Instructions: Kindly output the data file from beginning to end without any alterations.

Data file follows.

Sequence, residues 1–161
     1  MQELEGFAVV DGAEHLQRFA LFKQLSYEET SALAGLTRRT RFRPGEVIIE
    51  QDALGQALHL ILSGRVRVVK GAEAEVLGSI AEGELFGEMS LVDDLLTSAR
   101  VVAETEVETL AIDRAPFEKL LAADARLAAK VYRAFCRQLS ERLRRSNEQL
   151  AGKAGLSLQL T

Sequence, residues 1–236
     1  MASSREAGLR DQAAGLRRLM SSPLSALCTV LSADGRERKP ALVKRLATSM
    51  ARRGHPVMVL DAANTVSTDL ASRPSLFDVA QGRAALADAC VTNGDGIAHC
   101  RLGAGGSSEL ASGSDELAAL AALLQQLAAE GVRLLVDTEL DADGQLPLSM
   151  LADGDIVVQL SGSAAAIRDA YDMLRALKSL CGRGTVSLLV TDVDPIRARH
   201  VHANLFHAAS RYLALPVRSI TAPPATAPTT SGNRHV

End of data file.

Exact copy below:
Sequence, residues 1–161
     1  MQELEGFAVV DGAEHLQRFA LFKQLSYEET SALAGLTRRT RFRPGEVIIE
    51  QDALGQALHL ILSGRVRVVK GAEAEVLGSI AEGELFGEMS LVDDLLTSAR
   101  VVAETEVETL AIDRAPFEKL LAADARLAAK VYRAFCRQLS ERLRRSNEQL
   151  AGKAGLSLQL T

Sequence, residues 1–236
     1  MASSREAGLR DQAAGLRRLM SSPLSALCTV LSADGRERKP ALVKRLATSM
    51  ARRGHPVMVL DAANTVSTDL ASRPSLFDVA QGRAALADAC VTNGDGIAHC
   101  RLGAGGSSEL ASGSDELAAL AALLQQLAAE GVRLLVDTEL DADGQLPLSM
   151  LADGDIVVQL SGSAAAIRDA YDMLRALKSL CGRGTVSLLV TDVDPIRARH
   201  VHANLFHAAS RYLALPVRSI TAPPATAPTT SGNRHV